Stock repurchase is a special type of dividend. If there were no separate tax treatments between ordinary income and capital gains, and if a proportionate number of the shares were acquired from all stockholders, the economic effects would be almost identical for stock repurchase as for a cash dividend. If the stock is not acquired proportionately from all investors, stock repurchase is a special type of dividend, since it goes only to the stockholders who prefer cash compared to increased ownership. Those stockholders preferring to increase their investment compared to receiving cash do not sell. The self-selectivity of the process is an advantage for the stockholders as a group. The foregoing conclusion assumes zero taxes. Once taxes are considered, stock repurchase is advantageous. The tax savings to stockholders of a stock repurchase compared to a cash dividend may be sizable. Suppose an investor owns and sells stock for $1,200 with a tax base of $1,000.The marginal tax rate for ordinary income is 35 percent and for capital gains, 15 percent. With a $1,200 cash dividend, the stockholder would net out $780 (the tax would be $420).With the $1,200 disbursed in the form of a stock repurchase, the stockholder would net out $1,170 (the tax would be $30 on a capital gain of $200).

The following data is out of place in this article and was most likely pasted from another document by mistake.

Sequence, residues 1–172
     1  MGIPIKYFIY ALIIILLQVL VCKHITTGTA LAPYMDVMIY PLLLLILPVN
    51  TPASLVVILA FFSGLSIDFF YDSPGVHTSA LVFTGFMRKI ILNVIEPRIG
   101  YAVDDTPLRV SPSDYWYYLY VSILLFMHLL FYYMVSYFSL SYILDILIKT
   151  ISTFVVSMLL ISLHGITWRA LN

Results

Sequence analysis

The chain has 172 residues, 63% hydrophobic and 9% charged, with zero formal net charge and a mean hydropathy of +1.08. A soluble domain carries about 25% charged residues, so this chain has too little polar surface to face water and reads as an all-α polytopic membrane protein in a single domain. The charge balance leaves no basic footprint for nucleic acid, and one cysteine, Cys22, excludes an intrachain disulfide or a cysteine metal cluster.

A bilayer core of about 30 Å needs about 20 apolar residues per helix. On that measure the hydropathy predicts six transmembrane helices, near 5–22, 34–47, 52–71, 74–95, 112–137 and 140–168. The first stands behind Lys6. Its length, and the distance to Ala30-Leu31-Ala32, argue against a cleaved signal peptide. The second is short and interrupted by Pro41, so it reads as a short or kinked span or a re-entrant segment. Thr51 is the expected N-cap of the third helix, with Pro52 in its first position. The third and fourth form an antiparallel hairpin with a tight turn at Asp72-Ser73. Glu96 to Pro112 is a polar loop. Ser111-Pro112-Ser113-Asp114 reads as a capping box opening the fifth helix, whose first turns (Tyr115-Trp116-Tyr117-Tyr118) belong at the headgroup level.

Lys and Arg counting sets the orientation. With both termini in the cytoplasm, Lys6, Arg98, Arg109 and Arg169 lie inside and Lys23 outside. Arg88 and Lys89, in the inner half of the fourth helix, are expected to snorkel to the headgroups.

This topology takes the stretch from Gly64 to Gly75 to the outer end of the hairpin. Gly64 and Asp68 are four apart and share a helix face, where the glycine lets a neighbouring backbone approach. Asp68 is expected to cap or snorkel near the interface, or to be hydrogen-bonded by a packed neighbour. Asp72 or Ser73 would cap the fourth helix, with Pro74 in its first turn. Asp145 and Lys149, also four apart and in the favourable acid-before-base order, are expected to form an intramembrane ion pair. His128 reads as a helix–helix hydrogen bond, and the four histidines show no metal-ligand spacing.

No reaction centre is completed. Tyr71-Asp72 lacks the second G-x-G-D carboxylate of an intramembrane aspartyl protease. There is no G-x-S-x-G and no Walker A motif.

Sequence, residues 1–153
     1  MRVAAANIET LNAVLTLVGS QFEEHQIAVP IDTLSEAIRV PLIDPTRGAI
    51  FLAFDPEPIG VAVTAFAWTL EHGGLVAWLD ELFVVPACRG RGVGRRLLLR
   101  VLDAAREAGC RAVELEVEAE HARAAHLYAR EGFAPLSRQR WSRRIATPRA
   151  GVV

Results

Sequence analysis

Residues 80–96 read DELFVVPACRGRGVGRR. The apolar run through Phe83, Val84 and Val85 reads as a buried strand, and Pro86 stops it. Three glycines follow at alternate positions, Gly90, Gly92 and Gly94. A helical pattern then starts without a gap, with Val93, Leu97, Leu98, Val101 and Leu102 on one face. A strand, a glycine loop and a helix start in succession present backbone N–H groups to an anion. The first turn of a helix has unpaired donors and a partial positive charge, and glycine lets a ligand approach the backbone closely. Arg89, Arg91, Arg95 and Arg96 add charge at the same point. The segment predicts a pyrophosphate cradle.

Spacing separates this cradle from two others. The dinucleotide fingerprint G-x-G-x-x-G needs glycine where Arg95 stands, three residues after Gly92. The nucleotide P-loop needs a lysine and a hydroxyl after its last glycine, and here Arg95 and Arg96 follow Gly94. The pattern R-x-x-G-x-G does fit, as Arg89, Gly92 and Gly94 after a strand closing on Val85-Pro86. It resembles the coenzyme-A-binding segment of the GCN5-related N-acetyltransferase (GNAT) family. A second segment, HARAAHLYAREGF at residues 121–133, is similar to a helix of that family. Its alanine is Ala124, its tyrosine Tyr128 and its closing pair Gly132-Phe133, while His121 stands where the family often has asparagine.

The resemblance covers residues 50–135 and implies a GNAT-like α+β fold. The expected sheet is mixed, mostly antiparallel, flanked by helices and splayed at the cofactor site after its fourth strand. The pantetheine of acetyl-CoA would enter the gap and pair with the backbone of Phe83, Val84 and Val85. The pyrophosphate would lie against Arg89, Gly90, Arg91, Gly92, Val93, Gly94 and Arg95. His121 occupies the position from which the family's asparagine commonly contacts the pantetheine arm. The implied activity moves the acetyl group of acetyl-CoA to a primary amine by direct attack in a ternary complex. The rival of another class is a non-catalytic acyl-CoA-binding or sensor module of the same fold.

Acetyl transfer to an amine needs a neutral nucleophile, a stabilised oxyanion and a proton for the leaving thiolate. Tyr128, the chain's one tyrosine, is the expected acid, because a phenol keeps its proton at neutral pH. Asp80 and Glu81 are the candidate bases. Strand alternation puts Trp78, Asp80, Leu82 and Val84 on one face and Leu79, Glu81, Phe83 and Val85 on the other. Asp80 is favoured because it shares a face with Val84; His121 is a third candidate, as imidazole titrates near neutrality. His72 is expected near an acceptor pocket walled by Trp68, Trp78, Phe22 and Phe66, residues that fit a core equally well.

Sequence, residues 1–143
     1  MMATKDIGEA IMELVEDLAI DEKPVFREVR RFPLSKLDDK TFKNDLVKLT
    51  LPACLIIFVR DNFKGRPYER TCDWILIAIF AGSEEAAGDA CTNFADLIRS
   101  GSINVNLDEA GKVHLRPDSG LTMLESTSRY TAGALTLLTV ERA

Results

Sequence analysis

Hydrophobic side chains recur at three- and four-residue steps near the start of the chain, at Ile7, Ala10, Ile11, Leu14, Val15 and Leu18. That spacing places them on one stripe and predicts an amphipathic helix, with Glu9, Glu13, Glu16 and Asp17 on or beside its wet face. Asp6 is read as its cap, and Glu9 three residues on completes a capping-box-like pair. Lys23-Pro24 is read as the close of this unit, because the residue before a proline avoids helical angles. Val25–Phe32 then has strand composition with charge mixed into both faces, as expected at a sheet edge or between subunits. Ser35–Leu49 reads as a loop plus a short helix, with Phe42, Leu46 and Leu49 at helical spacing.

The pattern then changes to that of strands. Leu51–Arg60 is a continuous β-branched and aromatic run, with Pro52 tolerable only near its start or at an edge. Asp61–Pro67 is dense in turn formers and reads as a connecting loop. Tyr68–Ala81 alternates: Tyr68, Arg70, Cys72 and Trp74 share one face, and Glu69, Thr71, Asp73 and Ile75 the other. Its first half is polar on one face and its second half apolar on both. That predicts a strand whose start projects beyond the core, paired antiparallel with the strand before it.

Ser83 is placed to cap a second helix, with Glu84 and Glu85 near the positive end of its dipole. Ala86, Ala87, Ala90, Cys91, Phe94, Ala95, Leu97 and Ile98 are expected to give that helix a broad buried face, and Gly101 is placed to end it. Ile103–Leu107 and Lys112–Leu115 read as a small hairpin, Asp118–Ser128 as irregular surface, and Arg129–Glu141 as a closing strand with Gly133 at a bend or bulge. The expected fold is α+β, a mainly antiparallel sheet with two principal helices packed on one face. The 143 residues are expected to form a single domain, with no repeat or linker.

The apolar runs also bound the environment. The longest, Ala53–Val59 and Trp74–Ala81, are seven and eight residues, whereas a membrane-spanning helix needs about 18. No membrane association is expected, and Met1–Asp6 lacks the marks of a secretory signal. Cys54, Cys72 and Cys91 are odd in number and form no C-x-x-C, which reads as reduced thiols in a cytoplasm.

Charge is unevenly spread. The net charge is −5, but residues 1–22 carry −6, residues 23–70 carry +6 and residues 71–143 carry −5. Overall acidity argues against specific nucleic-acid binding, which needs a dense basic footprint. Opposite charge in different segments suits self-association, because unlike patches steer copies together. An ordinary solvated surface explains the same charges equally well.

The advantage of repurchase over ordinary dividend distribution is present for two reasons. First is the difference between the two tax rates. The second reason: with the repurchase plan, part of the payment is considered a repayment of principal tax purposes and so is not taxed at all. Although systematic repurchase over time would eventually drive the cost base close to zero, the present value methodology weighs the early tax savings high, and so the difference between systematic repurchase and ordinary dividend is still consequential when both capital gains and ordinary income are taxed at the same rate. If both personal and corporate tax rates were zero, either method of income...
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